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Christian Union
May 28, 2014

Course Reflects on Harvard's Religious History

By Brian Zhang, Harvard '15

In thharvardreligion_spring14_lgSusan Overall, Harvard Class of 2014e spring semester, Harvard students taking Religion 1513: Harvard's History and Religious Evolution have a chance to study their university's religious roots in the classroom. With 60 undergrads and four Harvard Divinity School students enrolled, the class is the most popular in the religion department.

Dr. Stephen Shoemaker, the course's instructor, summarized the legacy of Harvard as "a history of left turns."While it is today regarded as a secular university, Harvard was founded in 1636 as a seminary for training Puritan ministers in the New England area.

The intervening centuries, Shoemaker explained, saw a gradual transition towards more liberal theological ideas. A crucial transition came in 1805, when Henry Ware, Sr. was narrowly voted in as the first Unitarian professor of theology at Harvard. In the 80 subsequent years, every religion professor hired by Harvard was also Unitarian.

According to Shoemaker, "every time there was an opportunity to take a left turn, Harvard took it."

Shoemaker, a graduate of Harvard Divinity School ('94) and the Graduate School of Arts and Sciences ('05), has been involved in the course since 2002 when he co-taught with the late Reverend Peter Gomes, the former Plummer Professor of Christian Morals and Pusey Minister in Harvard's Memorial Church. Shoemaker was working on a doctorate under Gomes, and took over the course after Gomes passed away in 2011. He attributes its popularity to the novelty of imagining Harvard's past.

"Students are interested in the idea ... that it was a very different place," Shoemaker said.

Susan Overall '14, a Christian, is among the students taking the course.

"I took this course because when I decided to take my faith more seriously as a sophomore, I had been told that Harvard was always a very secular place. Ministry leaders on campus used to tell me about the history of Harvard and how it started off as a seminary and a place that glorified God," she said.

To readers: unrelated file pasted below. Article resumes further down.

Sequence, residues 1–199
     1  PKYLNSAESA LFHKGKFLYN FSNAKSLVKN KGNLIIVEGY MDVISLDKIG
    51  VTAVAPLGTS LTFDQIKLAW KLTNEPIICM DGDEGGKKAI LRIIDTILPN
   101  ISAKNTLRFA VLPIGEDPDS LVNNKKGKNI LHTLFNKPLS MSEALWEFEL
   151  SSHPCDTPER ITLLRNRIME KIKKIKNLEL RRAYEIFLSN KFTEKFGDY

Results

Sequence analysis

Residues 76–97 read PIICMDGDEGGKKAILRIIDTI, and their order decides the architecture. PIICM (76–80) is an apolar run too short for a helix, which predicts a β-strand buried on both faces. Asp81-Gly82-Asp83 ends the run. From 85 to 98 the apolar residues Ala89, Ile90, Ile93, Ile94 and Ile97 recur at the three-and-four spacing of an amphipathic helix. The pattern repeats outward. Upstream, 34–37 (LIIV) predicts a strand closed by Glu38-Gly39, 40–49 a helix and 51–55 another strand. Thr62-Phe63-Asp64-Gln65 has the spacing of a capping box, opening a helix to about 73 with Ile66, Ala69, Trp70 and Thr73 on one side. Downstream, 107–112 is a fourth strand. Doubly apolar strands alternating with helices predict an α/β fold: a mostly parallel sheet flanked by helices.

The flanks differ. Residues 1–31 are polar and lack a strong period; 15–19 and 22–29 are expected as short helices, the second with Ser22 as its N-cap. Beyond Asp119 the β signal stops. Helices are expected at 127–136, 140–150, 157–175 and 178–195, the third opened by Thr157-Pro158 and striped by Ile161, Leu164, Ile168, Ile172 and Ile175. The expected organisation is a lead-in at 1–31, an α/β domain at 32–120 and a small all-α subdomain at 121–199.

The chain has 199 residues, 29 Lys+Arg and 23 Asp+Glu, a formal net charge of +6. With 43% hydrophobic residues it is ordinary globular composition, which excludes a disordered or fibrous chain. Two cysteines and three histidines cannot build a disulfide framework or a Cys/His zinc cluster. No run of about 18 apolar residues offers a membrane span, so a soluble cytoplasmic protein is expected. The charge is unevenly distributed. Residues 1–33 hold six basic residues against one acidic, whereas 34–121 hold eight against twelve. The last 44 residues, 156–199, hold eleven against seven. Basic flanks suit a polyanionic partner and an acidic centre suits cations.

Zachary Young '14, also a believer, said he most resonates with the early periods of Harvard's history covered in the course.

"We discussed in depth some passages from Cotton Mather and the question of 'should Harvard teach classics?'" Young said. "I found myself in agreement with what he was saying ... [which] was that it certainly shouldn't be an emphasis, because it did not help people worship Christ."

From a historical perspective, Shoemaker said it is surprising not that Harvard ended up as a liberal university, but that it made that switch so quickly. Numerous changes, such as the transition to Unitarianism, were viewed as an opportunity for Harvard to preserve religion and maintain its cultural relevance in a modern age.

"Harvard was, for a variety of contextual and other factors, always on the cutting edge of where things eventually ended up going," Shoemaker explained. "We're looking at one institution, but in the story of that institution...you can extract a larger significance for what is happening in the nation writ large."

As an educator at Harvard, Shoemaker has adopted a number of strategies for creating a safe and welcoming class environment for discussions. He said that he frequently sees two groups of students who are hesitant to take a religion class: those with little religious background who fear they lack prerequisite knowledge, and those who hold a strong faith commitment and fear their beliefs may be under attack.

By teaching religion through a historical lens, Shoemaker is able to ease the tension on both sides. The focus of the class becomes in understanding the beliefs of previous generations rather than having to argue for a particular position.

At the same time, a thorough understanding of religion informs and enlivens the study of Harvard's history.

"If we really want to understand what happened here and why it happened, to teach a course that is not focused on religious components for the first several centuries would miss a big part of the story of what the place was," Shoemaker said. "Religion was a vital, if not the key factor, to the institutional identity of the university and its sense of institutional purpose."